RAPID CITY, SD – Recruitment and retention of firefighters and other emergency workers has been a frequent problem for the Rapid City Fire Department, which officials say has the lowest starting pay among fire departments in South Dakota.
This year’s recruitment of seven new emergency employees fell short of the department’s 10-person goal.
In addition, the department is also seeing a trend of firefighters and other employees leaving after a few years for higher pay, often taking thousands of hours of training paid for in Rapid City with them to other agencies.
The problem of attracting and retaining talented staff is mainly because Rapid City pays its entry-level firefighters and emergency service staff the lowest salary in the state compared to other fire departments, according city Community Resources Director Jeff Barbier.
But that is about to change due to recent contract negotiations between the city and the firefighters’ union that will boost pay for new recruits.
On Wednesday, the city Legal and Finance Committee unanimously recommended approval of the contract that was recently agreed upon between the city and the International Association of Firefighters that increases the entry-level salary by 18 percent.
Starting on Jan. 1, 2017, salaries will rise from $38,000 to $45,000 annually for new recruits, including firefighters and other emergency personnel who are represented by the union.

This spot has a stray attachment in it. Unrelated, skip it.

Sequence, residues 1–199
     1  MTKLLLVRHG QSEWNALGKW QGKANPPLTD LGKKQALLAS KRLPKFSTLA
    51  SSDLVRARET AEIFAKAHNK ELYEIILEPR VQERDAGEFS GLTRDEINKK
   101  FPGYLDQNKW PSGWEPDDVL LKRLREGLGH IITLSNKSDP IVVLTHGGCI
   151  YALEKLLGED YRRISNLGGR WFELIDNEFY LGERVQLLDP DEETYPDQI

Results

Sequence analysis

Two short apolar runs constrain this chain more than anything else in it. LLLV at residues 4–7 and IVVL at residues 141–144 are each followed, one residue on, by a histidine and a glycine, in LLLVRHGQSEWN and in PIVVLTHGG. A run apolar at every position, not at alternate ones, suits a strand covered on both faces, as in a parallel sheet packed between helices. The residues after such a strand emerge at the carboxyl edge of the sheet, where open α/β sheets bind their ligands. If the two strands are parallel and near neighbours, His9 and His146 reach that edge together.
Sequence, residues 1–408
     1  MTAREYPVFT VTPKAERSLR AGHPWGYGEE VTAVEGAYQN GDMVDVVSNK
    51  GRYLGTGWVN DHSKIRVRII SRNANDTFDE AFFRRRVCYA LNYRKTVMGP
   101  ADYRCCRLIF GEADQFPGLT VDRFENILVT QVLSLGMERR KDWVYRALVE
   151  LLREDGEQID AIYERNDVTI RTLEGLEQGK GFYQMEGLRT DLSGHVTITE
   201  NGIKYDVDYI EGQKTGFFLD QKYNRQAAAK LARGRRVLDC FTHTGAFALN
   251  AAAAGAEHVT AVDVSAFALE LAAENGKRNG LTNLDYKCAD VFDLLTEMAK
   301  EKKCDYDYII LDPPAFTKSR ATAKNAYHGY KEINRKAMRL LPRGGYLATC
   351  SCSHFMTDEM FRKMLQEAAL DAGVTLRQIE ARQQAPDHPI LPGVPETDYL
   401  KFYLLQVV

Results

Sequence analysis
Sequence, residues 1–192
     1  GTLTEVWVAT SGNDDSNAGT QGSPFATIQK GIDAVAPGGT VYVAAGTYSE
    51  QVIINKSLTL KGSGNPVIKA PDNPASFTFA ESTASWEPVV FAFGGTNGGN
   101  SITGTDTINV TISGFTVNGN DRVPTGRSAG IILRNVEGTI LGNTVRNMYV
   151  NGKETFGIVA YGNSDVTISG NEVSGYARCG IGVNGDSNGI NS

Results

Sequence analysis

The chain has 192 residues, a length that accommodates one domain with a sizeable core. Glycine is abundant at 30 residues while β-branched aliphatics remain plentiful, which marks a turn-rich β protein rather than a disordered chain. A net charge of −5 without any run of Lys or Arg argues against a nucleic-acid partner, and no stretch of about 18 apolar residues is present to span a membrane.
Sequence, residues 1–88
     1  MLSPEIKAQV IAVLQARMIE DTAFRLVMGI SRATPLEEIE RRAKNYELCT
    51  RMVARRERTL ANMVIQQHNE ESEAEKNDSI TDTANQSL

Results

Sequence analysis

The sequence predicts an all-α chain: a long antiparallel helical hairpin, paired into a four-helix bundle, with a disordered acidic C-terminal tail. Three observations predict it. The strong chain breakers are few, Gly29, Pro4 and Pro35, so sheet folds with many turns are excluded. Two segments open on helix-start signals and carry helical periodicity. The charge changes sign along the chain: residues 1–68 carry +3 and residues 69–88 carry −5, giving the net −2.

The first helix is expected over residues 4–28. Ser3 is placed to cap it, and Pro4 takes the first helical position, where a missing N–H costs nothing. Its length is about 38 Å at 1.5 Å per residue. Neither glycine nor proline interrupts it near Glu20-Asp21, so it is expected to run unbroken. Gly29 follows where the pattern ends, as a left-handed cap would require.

In order to balance the increase in initial salaries, the union had to concede on other wage issues. Union members have traditionally been awarded annual raises during as many as 36 years of service. But starting in 2017, this step-raise will be capped at 25 years. After that, veteran workers will only receive a cost-of-living increase, which is set by the state.
The contract between the city and the union will last from Jan. 1, 2017, to Dec. 31, 2022, with the option to renegotiate wage issues every two years.
According to Barbier, the negations were not contentious and both sides walked away feeling good about the deal.
“Both sides have a lot of respect for each other and the negotiations went really well,” said Barbier on Wednesday.
The full city council will vote on this agreement at its next meeting on May 2 at 6:30 p.m. at the City/School Administration Building at 600 Sixth St.